A good friend of mine, pastor Bob, is an expert on Christian-Muslim relations.
Today at lunch I asked Bob, “If you could say any one thing about Islam or Muslims to American Christians, or to Americans generally, what would it be?” As he started talking, I started taking notes. This is what he said:
“I would say that most Muslims are just as apathetic about their faith as most Christians are. The vast majority of Muslims are just like all those Christians who only come to church on Easter and Christmas—culturally religious, but not strictly or observantly so. They question the reality of God; they question the faith system they grew up in; they have times in their lives when they’re more or less religious. They appreciate the value of what their religion can bring to their lives, but aren’t necessarily inclined to make it the focus of their lives. Muslims know they’re supposed to kneel toward Mecca and pray five times a day, but most don’t do it. Just like most Christians don’t go to church every Sunday. Same thing.
“I would also say that just like most Christians don’t want anyone thinking that Christianity is well represented by the Aryan Nation, the KKK, Timothy McVeigh, abortion clinic bombers, or any violent group that adapts the mantle and symbols of Christianity, Muslims are absolutely appalled by the idea that anyone would actually believe that Muslim terrorists are representatives of Islam. They hate the terrorists as much as anyone does.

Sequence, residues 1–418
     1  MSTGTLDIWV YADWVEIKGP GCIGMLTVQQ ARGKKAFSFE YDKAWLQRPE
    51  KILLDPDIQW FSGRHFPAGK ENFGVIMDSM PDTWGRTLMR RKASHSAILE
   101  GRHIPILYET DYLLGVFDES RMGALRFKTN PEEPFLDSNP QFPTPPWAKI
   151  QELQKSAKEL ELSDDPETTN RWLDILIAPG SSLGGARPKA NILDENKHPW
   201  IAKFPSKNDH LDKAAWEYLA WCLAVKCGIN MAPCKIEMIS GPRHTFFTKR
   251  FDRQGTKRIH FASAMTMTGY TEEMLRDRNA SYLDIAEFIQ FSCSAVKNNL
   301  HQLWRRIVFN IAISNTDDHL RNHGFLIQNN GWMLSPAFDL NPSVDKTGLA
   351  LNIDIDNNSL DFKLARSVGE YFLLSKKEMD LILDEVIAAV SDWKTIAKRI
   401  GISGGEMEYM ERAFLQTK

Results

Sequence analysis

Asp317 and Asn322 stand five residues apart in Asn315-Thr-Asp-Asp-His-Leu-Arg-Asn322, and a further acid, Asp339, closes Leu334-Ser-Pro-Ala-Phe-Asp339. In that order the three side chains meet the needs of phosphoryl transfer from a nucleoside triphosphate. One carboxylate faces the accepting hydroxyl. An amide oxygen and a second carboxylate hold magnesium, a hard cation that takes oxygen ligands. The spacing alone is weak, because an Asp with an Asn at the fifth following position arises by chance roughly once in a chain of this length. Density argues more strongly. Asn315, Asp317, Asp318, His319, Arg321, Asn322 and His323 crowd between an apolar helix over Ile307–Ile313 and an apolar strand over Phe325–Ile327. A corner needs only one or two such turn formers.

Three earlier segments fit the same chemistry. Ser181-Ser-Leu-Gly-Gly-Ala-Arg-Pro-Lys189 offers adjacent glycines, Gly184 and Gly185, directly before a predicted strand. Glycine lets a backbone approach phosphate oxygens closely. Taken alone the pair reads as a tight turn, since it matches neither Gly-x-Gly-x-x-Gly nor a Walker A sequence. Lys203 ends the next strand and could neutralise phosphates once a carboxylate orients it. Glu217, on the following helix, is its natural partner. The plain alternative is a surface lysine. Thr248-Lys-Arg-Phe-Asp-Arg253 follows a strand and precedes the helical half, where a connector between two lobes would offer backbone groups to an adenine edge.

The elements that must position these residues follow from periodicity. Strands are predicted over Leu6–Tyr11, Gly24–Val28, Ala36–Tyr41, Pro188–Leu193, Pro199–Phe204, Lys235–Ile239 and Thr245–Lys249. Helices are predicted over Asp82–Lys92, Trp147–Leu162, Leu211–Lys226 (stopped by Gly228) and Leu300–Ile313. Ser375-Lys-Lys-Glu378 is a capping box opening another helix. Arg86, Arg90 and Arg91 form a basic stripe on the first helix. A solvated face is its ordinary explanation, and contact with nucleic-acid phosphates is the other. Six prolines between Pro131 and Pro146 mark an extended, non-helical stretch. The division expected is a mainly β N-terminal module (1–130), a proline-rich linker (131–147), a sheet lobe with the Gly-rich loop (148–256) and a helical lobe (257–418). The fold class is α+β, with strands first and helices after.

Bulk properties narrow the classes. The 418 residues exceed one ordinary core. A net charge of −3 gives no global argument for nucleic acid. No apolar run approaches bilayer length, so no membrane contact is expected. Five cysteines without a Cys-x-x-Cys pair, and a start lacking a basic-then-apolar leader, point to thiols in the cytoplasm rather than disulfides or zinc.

“I guess that’s the other main thing I would like to say: too few Americans understand what a warped, crazy view of Islam and Muslims we get from our media. I was recently in a conference session filled with working reporters and journalists. All of them had written human interest stories about typical, everyday American Muslims: people involved in outreach efforts, who were spearheading education initiatives, who ran non-profit organizations that benefited their communities. And not one of those writers could get those stories of theirs published. Their editors didn’t want them. No one did. They had given up trying to tell those stories.
“I recently met with a sheikh here in San Diego. (Pronounced “shake,” a sheikh is a scholar and acknowledged Muslim community leader.) Someone asked him why he, in coordination with the Muslims in his community, wasn’t more outspoken in his condemnation of Muslim terrorists. He smiled wearily, and said, ‘We’ve condemned and condemned and condemned; we’re tired of condemning. We did it for years on end. No newspaper or television people attended our public pronouncements. No publications ran our press releases. No one covered our demonstrations for peace. No one listened. How long can you keep saying the same thing to no one?’
“Also,” continued Bob, “evangelical Christians and traditional practicing Muslims are like two peas in a pod. They have identical conservative values: anti-gay, pro-family, the sanctity of marriage, the father as the head of the family, being a good citizen, fostering community, living a disciplined life, showing hospitality. Conservative Christians have more in common with traditional Muslims than they do with any other group. They should see them as their strongest allies and partners. Instead, conservative Christians are the most critical of their Muslim counterparts!
“Which reminds me of one more thing. Most Christians have no idea how much Muslims love Jesus.”
“They do?” I said.
“Love him,” said Bob. “Muslims love Jesus.”